Priyanka is a new media artist-researcher, currently engaged with Microsoft as an interaction designer. While at Microsoft she solves design problems for the browser, her personal inquiries run deep into understanding people’s lives on the internet, nature of the digital-materiality and its affordances for expression and exchange in networked societies.

Aditya is a designer and an entrepreneur always thinking of ways to display information beautifully. Lately he has been working on interfaces for lists to provide a clear stream of reason to anyone through simple model(s) of visualisation of information and, therefore attempt to make knowledge more accessible.

Priyanka and Aditya intends to play with the form of lists to investigate its effect on narrative construction. They will bring in “poetic-lists” - experimental list artefacts that probe into the implicit order and biases that lists bring to the act of meaning making, especially in the context of a collective audience.

Bhanu Prakash GS - As Web application developer at Servelots(.com), he contributes to the open and free software, and has been working on developing tools for delivering visual stories from archives. He has worked with the NCBS@25 project titled “13 Ways” where stories from the history of National Centre for Biological Sciences, Democracy Archives for University of Gottingen, and also on methods to render the folk stories of Vijayadashami rituals into visual stories on the Web.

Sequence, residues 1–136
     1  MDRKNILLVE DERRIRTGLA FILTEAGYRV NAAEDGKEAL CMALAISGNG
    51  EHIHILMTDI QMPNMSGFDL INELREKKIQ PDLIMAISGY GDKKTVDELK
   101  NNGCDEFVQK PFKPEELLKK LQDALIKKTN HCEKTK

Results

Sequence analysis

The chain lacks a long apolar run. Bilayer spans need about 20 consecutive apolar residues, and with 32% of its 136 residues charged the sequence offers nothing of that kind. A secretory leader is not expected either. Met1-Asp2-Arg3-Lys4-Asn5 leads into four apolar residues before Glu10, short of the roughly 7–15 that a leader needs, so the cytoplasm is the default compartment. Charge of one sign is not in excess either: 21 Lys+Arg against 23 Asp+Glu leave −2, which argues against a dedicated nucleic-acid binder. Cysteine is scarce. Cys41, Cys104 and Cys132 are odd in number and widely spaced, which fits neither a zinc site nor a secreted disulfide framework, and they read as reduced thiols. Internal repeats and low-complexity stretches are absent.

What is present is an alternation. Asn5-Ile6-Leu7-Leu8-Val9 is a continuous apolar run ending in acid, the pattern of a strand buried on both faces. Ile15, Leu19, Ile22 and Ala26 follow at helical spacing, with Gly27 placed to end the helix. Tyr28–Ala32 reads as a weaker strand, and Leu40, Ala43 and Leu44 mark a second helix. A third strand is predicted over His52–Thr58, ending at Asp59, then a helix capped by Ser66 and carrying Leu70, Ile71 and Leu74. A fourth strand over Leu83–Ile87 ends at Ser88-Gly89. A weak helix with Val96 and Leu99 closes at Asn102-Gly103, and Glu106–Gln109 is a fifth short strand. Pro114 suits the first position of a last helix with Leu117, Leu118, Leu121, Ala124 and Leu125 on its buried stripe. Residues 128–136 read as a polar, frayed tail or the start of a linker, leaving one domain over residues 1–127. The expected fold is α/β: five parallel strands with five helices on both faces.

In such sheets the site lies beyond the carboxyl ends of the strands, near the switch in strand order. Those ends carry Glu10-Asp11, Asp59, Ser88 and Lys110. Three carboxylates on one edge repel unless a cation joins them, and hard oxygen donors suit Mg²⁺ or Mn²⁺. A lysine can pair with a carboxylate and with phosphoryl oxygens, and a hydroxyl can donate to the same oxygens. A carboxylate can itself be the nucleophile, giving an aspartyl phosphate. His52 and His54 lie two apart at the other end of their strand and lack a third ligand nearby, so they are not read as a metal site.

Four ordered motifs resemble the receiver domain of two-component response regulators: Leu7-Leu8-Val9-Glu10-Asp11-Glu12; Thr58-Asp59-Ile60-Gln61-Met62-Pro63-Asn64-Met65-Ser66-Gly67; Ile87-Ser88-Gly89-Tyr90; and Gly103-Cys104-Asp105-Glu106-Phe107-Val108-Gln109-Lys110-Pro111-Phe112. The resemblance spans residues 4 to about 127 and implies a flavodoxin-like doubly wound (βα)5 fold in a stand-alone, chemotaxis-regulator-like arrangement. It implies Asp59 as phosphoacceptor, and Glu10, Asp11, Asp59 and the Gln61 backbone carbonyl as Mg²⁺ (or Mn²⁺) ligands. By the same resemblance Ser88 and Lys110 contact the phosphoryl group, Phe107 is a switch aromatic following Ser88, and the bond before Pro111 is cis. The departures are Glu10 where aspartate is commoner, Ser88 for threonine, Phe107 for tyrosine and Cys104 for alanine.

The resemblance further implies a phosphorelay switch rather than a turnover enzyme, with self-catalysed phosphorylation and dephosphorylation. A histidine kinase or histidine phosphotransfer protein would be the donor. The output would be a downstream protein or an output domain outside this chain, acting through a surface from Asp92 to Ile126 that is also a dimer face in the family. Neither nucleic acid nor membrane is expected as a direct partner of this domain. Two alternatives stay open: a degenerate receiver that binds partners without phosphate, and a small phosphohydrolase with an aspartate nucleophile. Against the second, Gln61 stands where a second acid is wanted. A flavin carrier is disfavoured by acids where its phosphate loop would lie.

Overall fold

Bhanu introduces the ways the Helavaru community, in the pre-internet era, created, “circulated” and mutated Lists of names, facts and events forming the information networks of communities, castes, jaatis, clans, tribes. The Helavas are a nomadic community visible around Karnataka and Andhra who deck up their bullocks and carts, set out to the villages of their patrons to sing praises of great deeds of their forefathers and the genealogy of the families with great detail, and end their performance with a ritual Harike - a wish for the well being of their patrons. In return they are paid for their services with grains, clothes, goat, sheep, cow, bullocks and money as much as one can afford.

Their story is an indicator of the cultural economy, of interweaving a web of communities, their systems of socio-political-cultural organisation by developing competence in data indexing, backups and restores, dealing with identity and authentication, conflicts and negotiations and more from generation to generation. The Helavaru claim that each family recorded genealogy of at least 3 lakh families, and passing it on, and also losing in some cases is fascinating.